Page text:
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Effective local exhaust ventilation for controlling formaldehyde exposures during embalming.
Appl Occup Environ Hyg 1992 Dec; 7(12):840-845
The use of local exhaust ventilation systems to control the exposure of embalmers to formaldehyde (50000) vapors was studied. A local exhaust ventilation system was developed for an embalming room containing a single embalming table. Two 6 foot slot hoods on each side of the table were connected by ducts to an exhaust system. A minimum flow rate for effective capture of nitrous-oxide vapors was determined to be about 20 cubic meters/minute. The effectiveness of the local exhaust system was examined by collecting area and personal formaldehyde samples during embalming procedures. Five of 32 personal samples demonstrated formaldehyde concentrations greater than 1 part per million (ppm) while 37 of the 94 personal, area, and duct samples were found to be below the limit of detection. Calculation of the upper confidence limits of the mean of the personal and embalming room area samples demonstrated that the system controlled formaldehyde exposures to 0.73ppm and 0.31ppm, respectively. When the local exhaust ventilation system was compared with the dilution ventilation rate required to achieve the same control over formaldehyde emissions, it was found that use of the local ventilation system would result in lower operating costs.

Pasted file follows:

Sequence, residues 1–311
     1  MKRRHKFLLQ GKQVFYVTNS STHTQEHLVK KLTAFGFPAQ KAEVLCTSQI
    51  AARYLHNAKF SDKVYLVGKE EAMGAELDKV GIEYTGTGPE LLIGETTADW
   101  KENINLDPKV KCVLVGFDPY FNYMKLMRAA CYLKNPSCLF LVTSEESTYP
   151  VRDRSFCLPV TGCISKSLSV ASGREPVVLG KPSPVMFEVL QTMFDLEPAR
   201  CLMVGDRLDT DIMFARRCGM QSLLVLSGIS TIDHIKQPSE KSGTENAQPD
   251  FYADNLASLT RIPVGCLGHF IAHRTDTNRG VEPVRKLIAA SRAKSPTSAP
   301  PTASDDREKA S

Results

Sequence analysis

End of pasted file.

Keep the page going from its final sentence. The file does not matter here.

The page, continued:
NIOSH-Author; Occupational-exposure; Preservatives; Exposure-levels; Control-systems; Exhaust-ventilation; Ventilation-systems; Air-sampling
Issue of Publication
Applied Occupational and Environmental Hygiene
Page last reviewed: April 12, 2019
Content source: National Institute for Occupational Safety and Health Education and Information Division